Commercial Real Estate Leasing – How to Establish a Tenant Lease File and Why Do It

In commercial real estate property management and or leasing, you can develop a comprehensive lease file so that you can track individual tenancy issues and tenancy movements within a property.  That is how you can help your clients as investors and or business owners; that is also how you can find some extra commissions.  Your leasing and property management services can be of the highest quality within a property specialisation and a location.  Clients like that level of specialisation when it comes to solving a property challenge.

Think about it

When you consider the size and complexity of any major office building or retail shopping centre today, the frequency of tenant movement and change is high.  On that basis your tenancy lease file can be a valuable business resource for you as the broker as you strive to improve rental, tenancy occupancy, and income generation.  When you can see what is happening with leases and property occupancy over time and into the future, you will find many different lease fee opportunities and negotiation strategies to work on.

So there are two levels to the analysis of tenancy leases and tenancy movement.  Consider your responses and actions now or as they apply to the following two points:

  • Every lease document will be specific and special to the tenant in occupation. There will be certain conditions and terminology is to be enforced and considered.
  • Every building will have a number of tenants moving through lease periods, occupancy situations, and lease compliance.

So the issue here is that the tenant and the tenants lease file should be looked at individually for the special circumstances of occupancy, as well as more globally when it comes to the tenant’s position in the tenancy mix and the property.

Set up your lease tracking system

Here are some ideas to merge into your tenancy tracking system or lease file strategy.  You can add to this list based on your property type and property configuration:

  1. UNIQUE IDENTIFIERS: Determine a unique name of property identifier to be used within the tenancy and lease assessment.
  2. SET POINTS OF REFERENCE: Use the property premises or location plan to establish suites for reference points for each tenant in occupancy and with each separate lease document.
  3. DOCUMENTATION: Get copies of all lease documents and retain those copies on file. It is easier to work with copies of documents rather than the originals.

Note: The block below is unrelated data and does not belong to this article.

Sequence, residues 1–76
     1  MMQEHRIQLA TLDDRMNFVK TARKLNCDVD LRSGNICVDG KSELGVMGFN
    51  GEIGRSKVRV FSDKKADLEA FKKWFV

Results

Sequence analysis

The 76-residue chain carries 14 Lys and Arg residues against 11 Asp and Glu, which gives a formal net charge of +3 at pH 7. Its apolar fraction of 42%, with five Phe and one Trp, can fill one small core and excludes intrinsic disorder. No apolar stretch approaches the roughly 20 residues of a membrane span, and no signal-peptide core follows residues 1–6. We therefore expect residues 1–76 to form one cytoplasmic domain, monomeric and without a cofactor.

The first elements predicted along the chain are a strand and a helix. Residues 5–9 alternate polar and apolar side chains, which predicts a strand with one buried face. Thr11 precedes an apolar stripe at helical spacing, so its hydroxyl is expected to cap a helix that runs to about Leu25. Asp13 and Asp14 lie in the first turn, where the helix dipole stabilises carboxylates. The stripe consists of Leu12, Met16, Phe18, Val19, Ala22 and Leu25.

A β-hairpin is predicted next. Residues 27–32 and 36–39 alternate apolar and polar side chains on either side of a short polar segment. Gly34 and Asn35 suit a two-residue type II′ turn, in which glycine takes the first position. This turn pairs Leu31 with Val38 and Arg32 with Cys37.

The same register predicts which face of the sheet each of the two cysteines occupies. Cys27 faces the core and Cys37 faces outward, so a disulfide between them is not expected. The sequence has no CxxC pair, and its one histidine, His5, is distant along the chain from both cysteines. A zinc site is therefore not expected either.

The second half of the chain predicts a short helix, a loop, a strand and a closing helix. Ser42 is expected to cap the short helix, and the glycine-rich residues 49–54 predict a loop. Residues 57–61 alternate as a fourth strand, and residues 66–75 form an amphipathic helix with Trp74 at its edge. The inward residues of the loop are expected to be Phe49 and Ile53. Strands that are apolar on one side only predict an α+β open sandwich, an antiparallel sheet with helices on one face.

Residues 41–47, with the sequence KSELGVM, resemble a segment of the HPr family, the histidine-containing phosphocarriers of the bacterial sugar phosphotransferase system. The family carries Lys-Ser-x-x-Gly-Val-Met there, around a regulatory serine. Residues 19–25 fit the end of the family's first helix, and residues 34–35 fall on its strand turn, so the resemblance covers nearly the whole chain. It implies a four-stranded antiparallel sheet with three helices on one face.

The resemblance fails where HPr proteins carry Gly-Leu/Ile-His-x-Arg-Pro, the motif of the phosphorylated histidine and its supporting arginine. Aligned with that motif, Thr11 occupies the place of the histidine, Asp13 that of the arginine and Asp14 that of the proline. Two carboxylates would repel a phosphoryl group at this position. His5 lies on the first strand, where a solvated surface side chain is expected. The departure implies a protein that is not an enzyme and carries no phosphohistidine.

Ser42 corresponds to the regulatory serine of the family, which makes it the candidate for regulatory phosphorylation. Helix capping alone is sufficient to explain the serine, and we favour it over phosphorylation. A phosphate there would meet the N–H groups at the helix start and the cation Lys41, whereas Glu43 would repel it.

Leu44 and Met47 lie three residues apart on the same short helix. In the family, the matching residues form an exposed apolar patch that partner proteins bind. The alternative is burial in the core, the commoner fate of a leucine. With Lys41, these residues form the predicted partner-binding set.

4. STORE ORIGINALS SAFELY: Original leases can be reverted to safe custody or secure storage away from the office.
  5. WHAT DOES THE CLIENT WANT?: Understand the client’s priorities when it comes to market rental, occupancy, lease negotiation, and property investment. Those priorities will impact tenancy engagement and negotiation.
  6. SEPARATE LEASES: Review every lease document individually. You can extract through the review process the critical dates, processes, and control points for the lease and tenant occupancy.
  7. SOFTWARE HELPS: Load the details of tenant occupancy and lease documentation into a suitable software program designed for lease management and tenancy scheduling.
  8. RELEVANT LINKS AND DOCUMENTS: All correspondence relating to a tenant in occupancy should be attached to the main tenancy and lease file. Most property management software systems will allow for that storage requirement.
  9. DATES: When you consider all the tenants in occupancy, you can apply all the critical dates, rent review activities, issues of lease requirement, expiry dates, and lease options into a diary alert system. With most properties under management or leasing control you should be working at least 12 months in advance when it comes to any critical date activity.
  10. SET UP STRATEGIES SEPARATELY: With some tenants, it pays to establish a specific rental strategy or occupancy control. Specific actions and strategies may be required due to the landlord’s investment profile, tenancy movement, property refurbishment, redevelopment, or changes within the existing tenancy mix.  The larger the property, the greater the potential when it comes to overlapping and complex property changes.  Understand your landlord, the tenants, the lease documents, and investment pressures of the property market.  It is a fine equation to balance over time.

Given these points mentioned, you can see how important it is to understand tenants and occupancy and the future potential of the tenancy mix.  That is why you really do need to establish a tenancy lease file and some monitoring system that can apply to the overall tenancy mix strategy.  That is what professional property management and leasing is all about.

In property management and leasing today it is incumbent on each manager or leasing specialist to look at the bigger picture when it comes to lease improvement and tenancy mix change.

You can get more leasing facts in our eCourse right here.

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